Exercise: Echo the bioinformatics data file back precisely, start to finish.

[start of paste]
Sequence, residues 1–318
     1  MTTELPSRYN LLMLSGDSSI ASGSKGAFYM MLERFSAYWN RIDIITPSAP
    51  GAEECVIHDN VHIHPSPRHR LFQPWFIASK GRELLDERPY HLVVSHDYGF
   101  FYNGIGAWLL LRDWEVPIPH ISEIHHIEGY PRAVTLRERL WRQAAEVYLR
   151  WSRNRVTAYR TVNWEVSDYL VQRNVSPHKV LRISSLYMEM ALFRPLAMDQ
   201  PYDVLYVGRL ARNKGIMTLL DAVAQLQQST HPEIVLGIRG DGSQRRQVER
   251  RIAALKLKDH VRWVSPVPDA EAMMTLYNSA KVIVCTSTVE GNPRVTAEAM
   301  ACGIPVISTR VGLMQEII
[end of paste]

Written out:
Sequence, residues 1–318
     1  MTTELPSRYN LLMLSGDSSI ASGSKGAFYM MLERFSAYWN RIDIITPSAP
    51  GAEECVIHDN VHIHPSPRHR LFQPWFIASK GRELLDERPY HLVVSHDYGF
   101  FYNGIGAWLL LRDWEVPIPH ISEIHHIEGY PRAVTLRERL WRQAAEVYLR
   151  WSRNRVTAYR TVNWEVSDYL VQRNVSPHKV LRISSLYMEM ALFRPLAMDQ
   201  PYDVLYVGRL ARNKGIMTLL DAVAQLQQST HPEIVLGIRG DGSQRRQVER
   251  RIAALKLKDH VRWVSPVPDA EAMMTLYNSA KVIVCTSTVE GNPRVTAEAM
   301  ACGIPVISTR VGLMQEII